It’s More Than Just a Game: Sporting Rivalries and National Identity


This article was originally published in our Customs and Culture collaboration magazine, published in December 2020.

Sports and national identity are intertwined. Sports create communities and enforce collective spirit as they gather thousands with one common interest. Whether that be football, basketball or cricket, sports and their competitive nature have played key roles in our national and personal identity. With rivalries like Rangers v Celtic in football or Boston Celtics v Los Angeles Lakers in basketball, we are able to see the power of sports and how it transcends to be more than just a game.

28th May 1888 marked the beginnings of the biggest rivalry in football history, Glaswegian sides Rangers and Celtic. Both teams dominate Scottish football, with no other team winning the Scottish league since the 1984-85 season where Alex Ferguson’s Aberdeen came out as champions. Out of all 123 editions of the league, both Rangers and Celtic have won a combined 105 times, which makes their rivalry seem as if it’s based upon the fact they are the only two teams in Scottish football who seemingly compete with each other for the spoils. However, their rivalry is entrenched in national identity. Both teams represent a different aspect of Scottish history. Take Celtic, for example. Formed by Glasgow’s growing Irish Catholic community, as in the late 19th century, Glasgow saw the arrival of many Irish immigrants after fleeing from the potato famine in their own country. Scotland was a strongly Protestant country and the Irish community were met with disdain and were discriminated against. Football was a way for the Irish community to express their national identity through their team, Celtic. Their Irish roots are strongly linked within the club today: their crest is the Shamrock and their team colours are white and green. Celtic is still a symbol of Irish nationalism despite being a Scottish team.

Rangers is the complete opposite. The Light Blues embrace everything that is Scottish and has a huge link with the Orange Order, a Protestant fraternal organisation that champions British Unionism. Their colours are blue, red and white, the same as the British flag and are the team for those who believe in a united England, Scotland, Wales and Northern Ireland. Both teams express a different national identity and often clash due to this. It is no surprise the two sides hold one of the most violent rivalries in football history due to the political and national history behind the teams, manifesting in the ‘Old Firm’ derby games between the sides.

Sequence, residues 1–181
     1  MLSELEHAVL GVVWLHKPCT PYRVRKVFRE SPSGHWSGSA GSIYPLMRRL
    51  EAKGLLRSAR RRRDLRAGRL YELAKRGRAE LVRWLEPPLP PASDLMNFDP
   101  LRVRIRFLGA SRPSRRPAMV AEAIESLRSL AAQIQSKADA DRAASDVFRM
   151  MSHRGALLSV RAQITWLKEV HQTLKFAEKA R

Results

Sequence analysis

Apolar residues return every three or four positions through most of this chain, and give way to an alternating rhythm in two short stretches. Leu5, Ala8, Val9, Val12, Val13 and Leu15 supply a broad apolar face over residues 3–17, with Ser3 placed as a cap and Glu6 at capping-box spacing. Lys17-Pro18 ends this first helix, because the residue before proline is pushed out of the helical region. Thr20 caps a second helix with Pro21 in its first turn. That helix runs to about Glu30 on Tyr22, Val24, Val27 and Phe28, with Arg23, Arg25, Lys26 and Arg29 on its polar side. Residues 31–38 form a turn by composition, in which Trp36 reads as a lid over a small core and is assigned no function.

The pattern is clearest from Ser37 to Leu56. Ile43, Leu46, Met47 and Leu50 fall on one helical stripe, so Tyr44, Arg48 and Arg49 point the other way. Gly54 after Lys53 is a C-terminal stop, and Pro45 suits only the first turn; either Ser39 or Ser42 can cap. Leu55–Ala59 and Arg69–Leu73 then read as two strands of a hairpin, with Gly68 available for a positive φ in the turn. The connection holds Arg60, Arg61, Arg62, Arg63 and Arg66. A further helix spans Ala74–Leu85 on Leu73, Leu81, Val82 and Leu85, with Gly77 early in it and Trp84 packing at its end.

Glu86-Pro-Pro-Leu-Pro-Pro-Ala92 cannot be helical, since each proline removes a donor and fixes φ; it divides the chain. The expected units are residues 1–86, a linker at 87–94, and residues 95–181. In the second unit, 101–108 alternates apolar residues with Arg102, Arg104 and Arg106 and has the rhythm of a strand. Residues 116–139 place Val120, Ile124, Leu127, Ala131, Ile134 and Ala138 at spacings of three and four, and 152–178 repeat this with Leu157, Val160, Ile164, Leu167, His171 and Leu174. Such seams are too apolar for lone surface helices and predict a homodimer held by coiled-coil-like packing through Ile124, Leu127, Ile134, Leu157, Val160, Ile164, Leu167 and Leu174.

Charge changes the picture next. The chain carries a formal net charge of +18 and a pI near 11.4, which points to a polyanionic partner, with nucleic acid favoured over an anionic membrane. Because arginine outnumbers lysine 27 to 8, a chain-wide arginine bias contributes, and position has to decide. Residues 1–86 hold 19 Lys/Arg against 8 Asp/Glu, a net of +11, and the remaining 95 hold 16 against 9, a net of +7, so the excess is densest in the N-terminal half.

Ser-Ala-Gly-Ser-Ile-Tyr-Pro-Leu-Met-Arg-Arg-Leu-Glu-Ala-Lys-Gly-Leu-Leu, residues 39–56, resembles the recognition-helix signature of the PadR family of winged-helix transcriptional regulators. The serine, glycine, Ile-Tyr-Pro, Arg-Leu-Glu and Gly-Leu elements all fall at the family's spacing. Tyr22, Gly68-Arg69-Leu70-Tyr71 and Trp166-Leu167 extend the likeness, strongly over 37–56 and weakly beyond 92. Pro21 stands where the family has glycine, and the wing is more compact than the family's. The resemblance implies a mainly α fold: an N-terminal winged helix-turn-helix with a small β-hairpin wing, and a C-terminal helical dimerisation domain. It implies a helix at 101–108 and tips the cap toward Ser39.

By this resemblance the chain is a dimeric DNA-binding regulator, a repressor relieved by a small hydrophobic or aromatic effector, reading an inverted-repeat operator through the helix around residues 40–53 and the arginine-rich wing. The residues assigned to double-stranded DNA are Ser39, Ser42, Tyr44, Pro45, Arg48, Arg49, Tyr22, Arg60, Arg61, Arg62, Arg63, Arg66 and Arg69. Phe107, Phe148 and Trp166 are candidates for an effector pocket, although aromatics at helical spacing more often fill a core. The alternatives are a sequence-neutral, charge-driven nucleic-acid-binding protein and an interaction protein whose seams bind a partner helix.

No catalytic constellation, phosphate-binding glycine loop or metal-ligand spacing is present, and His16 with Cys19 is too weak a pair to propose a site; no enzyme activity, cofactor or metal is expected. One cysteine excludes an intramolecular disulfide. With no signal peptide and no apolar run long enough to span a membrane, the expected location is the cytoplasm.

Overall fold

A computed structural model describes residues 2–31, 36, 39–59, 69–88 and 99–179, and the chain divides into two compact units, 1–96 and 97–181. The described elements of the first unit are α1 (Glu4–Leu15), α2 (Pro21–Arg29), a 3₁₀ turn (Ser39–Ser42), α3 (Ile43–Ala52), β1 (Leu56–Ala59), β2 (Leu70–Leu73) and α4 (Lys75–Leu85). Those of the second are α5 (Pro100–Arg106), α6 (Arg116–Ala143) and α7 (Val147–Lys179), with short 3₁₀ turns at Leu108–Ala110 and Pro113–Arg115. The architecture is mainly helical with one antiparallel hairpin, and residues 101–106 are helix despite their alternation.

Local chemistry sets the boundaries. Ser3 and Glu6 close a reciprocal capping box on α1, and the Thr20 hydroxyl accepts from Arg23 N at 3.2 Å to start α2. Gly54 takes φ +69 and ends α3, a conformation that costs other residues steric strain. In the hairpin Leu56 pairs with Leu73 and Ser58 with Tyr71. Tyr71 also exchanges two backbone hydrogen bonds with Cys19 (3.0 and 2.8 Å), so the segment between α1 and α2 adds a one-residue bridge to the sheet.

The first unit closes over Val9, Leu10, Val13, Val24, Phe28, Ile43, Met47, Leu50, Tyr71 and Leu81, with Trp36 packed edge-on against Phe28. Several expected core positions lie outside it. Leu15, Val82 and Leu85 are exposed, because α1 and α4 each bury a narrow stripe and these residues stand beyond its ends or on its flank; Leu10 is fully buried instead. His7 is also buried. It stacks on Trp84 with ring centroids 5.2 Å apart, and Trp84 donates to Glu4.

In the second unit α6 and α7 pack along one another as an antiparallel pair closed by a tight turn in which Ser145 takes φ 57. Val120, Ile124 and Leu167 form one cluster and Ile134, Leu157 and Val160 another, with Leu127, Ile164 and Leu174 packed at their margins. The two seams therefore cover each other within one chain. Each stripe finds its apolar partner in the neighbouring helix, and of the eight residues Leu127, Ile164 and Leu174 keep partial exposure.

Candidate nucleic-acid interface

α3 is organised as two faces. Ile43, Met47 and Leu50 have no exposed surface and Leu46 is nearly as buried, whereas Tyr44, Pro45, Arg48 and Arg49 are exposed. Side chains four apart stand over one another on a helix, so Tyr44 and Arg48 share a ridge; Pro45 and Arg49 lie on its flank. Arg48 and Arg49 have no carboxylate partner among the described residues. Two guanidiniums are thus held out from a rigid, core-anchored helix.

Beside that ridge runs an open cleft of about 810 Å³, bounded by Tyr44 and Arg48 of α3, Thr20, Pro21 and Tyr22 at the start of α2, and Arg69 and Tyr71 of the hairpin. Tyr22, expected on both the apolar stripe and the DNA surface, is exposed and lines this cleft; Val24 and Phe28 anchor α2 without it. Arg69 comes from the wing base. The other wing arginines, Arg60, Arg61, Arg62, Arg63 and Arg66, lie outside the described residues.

A less violent but just as popular rivalry in sporting history is that of the Los Angeles Lakers and Boston Celtics in the NBA. They are two of the biggest franchises in NBA history, both winning a total of 17 championships each (though Lakers fans would like to point out only one of the Celtics’ championships was won in the 21st century). The peak of their rivalry was in the 1980s, specifically between two hall-of-famers, Larry Bird (Celtics) and Magic Johnson (Lakers). These players were the best at their game in the East and West conference but represented so much more than just being two of the greatest players in the league. Johnson-Bird / Lakers-Celtics rivalry represented the clashes of many cultures: Hollywood (Lakers Showtime) versus Blue Collar grit (Celtic Pride), East Coast versus West Coast, Black versus White. They brought national identity and power to a faltering NBA and lifted the NBA into a global arena.

National identity can be built on sports, but the rivalries are also primarily established on cultural and national differences; in Rangers-Celtics case, it was the war between religion and country, whilst Lakers-Celtics was on the national differences between the West and East. Sports brings collective unionism but also collective hate.


A history student with a Britney Spears addiction

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